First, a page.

Cracking GSM calls, made affordable and easy
- By William Jackson
- Feb 20, 2008
The first thing to know about the security of GSM cellular phone service if you want to listen in on calls is that 'there is none,' according to one researcher who spoke Wednesday at the Black Hat Federal Briefings in Washington.
There is, however, the A5 encryption used to scramble voice and text traffic between the cell phone and the base station. But 'that was broken 10 years ago,' said the researcher, who identified himself only as Steve.
The theory of cracking the encryption was impractical with the computer power available in 1998 but, since 2003, there has been commercial equipment available capable of breaking A5 encryption. The equipment costs between $70,000 to $500,000 for active systems that inject themselves into the transmissions, or around $1 million for passive systems that quietly listen and do the cracking offline.
That is far too expensive for Steve, as well as Dave Hulton, another researcher at Pico Computing. So they are working with the GSM Software Project to build an affordable A5 cracking system costing less than $1,000.
GSM, or Global System for Mobile communications, is the most popular specification for mobile communications in the world, with an estimated 2 billion subscribers ' or 82 percent of the global market. It is used by 70 carriers in 48 countries. The phones used on the networks are becoming increasingly powerful computers, opening up GSM networks with poor security to interception and hacking.
'This phone is a network plug to 2 billion subscribers,' Steve said, holding up an obsolete Nokia cell phone. The old phone, which can be bought for $1 at auction, has trace functions that, when plugged into a laptop PC, can monitor the location and online activity of nearby cell phone users.
Voice and text message traffic usually is encrypted, but the encryption is weakened by systems that sometimes automatically set the last 10 bits of the 64-bit encryption key to all zeros. Session keys also can be reused for up to 16 calls, further weakening the scheme. The new cracking system uses the weaknesses to break the encryption.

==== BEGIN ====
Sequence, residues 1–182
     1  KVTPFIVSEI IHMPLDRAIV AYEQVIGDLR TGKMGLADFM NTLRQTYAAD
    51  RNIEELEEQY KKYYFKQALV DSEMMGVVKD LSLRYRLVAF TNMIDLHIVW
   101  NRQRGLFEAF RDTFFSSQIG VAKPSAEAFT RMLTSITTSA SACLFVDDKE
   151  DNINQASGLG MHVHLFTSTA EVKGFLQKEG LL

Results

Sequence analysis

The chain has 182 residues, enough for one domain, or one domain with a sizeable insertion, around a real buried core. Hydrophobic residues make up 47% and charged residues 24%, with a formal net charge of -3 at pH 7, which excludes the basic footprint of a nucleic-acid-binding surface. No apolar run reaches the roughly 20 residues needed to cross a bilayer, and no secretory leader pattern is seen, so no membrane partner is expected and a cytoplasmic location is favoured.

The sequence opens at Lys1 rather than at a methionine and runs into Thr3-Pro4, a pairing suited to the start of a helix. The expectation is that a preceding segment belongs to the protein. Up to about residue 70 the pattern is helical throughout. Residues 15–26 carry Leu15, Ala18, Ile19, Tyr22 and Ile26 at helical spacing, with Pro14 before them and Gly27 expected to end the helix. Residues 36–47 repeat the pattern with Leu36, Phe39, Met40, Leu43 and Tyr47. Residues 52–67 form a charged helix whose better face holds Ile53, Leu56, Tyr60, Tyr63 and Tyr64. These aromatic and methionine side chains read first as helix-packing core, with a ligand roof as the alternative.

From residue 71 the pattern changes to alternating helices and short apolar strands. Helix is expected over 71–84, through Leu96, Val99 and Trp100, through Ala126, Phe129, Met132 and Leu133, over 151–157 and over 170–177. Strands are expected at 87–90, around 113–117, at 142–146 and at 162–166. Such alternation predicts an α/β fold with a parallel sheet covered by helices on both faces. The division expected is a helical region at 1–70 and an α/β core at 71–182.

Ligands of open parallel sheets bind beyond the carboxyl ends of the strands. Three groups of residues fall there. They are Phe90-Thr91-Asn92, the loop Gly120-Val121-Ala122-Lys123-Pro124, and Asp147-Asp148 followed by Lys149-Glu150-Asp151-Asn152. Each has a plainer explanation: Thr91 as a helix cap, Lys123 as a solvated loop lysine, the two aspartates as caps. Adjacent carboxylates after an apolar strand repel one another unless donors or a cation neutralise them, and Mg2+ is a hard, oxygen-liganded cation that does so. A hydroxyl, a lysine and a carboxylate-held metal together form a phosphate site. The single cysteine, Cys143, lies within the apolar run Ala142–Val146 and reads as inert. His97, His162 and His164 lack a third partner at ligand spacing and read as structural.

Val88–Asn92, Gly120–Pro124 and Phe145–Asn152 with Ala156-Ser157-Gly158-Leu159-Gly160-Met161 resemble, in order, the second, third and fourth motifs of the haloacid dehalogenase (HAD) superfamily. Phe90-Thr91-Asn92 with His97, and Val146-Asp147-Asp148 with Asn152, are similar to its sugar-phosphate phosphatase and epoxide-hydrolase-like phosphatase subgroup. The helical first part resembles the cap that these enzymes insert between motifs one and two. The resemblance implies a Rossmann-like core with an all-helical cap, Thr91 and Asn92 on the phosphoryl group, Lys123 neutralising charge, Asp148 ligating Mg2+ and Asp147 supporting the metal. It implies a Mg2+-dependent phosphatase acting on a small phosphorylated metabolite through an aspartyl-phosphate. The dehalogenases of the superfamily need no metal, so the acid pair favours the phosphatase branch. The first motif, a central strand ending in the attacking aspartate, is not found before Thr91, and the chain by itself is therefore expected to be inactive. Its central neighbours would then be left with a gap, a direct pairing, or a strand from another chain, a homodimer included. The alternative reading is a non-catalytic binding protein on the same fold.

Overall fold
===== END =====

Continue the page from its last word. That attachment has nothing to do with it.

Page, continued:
'We tried to make this as easy as possible for anyone to use,' Hulton said.
The system needs to listen to just three or four frames of data in clear text exchanged between the phone and base station in setting up the call.
'If we know the plain text, we can derive exactly what is coming out of A5' to encrypt the data stream, Hulton said. This can be used to 'back out' the encryption and reveal the plain text.
The system they are developing uses rainbow tables to look up values for the 64-bit encryption keys, based on the encryption strings that have been revealed. A rainbow table for a 64-bit key would be prohibitively large, but Steve and Hulton found a way to reduce the number of data points that needed to be used. But even the table for the reduced set is 120,000 times larger than the largest tables used to look up values for a password hash function. It would take 33,000 years to generate the tables with a PC and the table would be 2 terabytes. But with available high-speed computers the job can be done in about three months, and the researchers expect to have their tables completed in March. They hope to make their system available in the second quarter of this year.
How fast it will work will depend on the speed of the hardware it is used with.
'If you have money you can crunch something really quickly,' Steve said. For $1,000 you could crack a key and unencrypt a call in about 30 minutes. For considerably more you could reduce the time to about 30 seconds.
As for who would use this system, Steve and Hulton couldn't say.
'We're just two tech guys,' Steve said. 'We didn't do any market research.'